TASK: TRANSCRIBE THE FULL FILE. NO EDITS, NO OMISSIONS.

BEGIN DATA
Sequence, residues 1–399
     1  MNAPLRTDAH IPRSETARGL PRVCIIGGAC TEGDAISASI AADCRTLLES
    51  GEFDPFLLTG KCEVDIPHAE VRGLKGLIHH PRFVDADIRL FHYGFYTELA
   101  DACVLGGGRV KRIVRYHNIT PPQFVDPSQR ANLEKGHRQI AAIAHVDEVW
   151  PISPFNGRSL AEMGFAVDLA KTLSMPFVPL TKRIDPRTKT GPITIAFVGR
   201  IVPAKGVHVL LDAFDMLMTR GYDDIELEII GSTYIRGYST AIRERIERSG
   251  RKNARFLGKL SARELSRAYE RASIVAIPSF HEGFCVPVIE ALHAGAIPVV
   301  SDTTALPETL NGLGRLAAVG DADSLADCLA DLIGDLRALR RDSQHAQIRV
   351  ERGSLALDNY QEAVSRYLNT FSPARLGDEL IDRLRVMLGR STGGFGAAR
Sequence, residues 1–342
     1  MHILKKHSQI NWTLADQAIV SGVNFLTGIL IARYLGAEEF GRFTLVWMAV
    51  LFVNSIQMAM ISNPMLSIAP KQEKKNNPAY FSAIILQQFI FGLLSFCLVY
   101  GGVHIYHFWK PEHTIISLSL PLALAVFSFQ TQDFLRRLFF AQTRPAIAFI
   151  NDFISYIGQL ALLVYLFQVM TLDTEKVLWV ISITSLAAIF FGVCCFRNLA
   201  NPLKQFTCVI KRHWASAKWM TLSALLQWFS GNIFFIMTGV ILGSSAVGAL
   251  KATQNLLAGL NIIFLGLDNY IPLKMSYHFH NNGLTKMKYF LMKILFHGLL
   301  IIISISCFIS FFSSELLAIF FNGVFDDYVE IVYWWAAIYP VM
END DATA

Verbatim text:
Sequence, residues 1–399
     1  MNAPLRTDAH IPRSETARGL PRVCIIGGAC TEGDAISASI AADCRTLLES
    51  GEFDPFLLTG KCEVDIPHAE VRGLKGLIHH PRFVDADIRL FHYGFYTELA
   101  DACVLGGGRV KRIVRYHNIT PPQFVDPSQR ANLEKGHRQI AAIAHVDEVW
   151  PISPFNGRSL AEMGFAVDLA KTLSMPFVPL TKRIDPRTKT GPITIAFVGR
   201  IVPAKGVHVL LDAFDMLMTR GYDDIELEII GSTYIRGYST AIRERIERSG
   251  RKNARFLGKL SARELSRAYE RASIVAIPSF HEGFCVPVIE ALHAGAIPVV
   301  SDTTALPETL NGLGRLAAVG DADSLADCLA DLIGDLRALR RDSQHAQIRV
   351  ERGSLALDNY QEAVSRYLNT FSPARLGDEL IDRLRVMLGR STGGFGAAR
Sequence, residues 1–342
     1  MHILKKHSQI NWTLADQAIV SGVNFLTGIL IARYLGAEEF GRFTLVWMAV
    51  LFVNSIQMAM ISNPMLSIAP KQEKKNNPAY FSAIILQQFI FGLLSFCLVY
   101  GGVHIYHFWK PEHTIISLSL PLALAVFSFQ TQDFLRRLFF AQTRPAIAFI
   151  NDFISYIGQL ALLVYLFQVM TLDTEKVLWV ISITSLAAIF FGVCCFRNLA
   201  NPLKQFTCVI KRHWASAKWM TLSALLQWFS GNIFFIMTGV ILGSSAVGAL
   251  KATQNLLAGL NIIFLGLDNY IPLKMSYHFH NNGLTKMKYF LMKILFHGLL
   301  IIISISCFIS FFSSELLAIF FNGVFDDYVE IVYWWAAIYP VM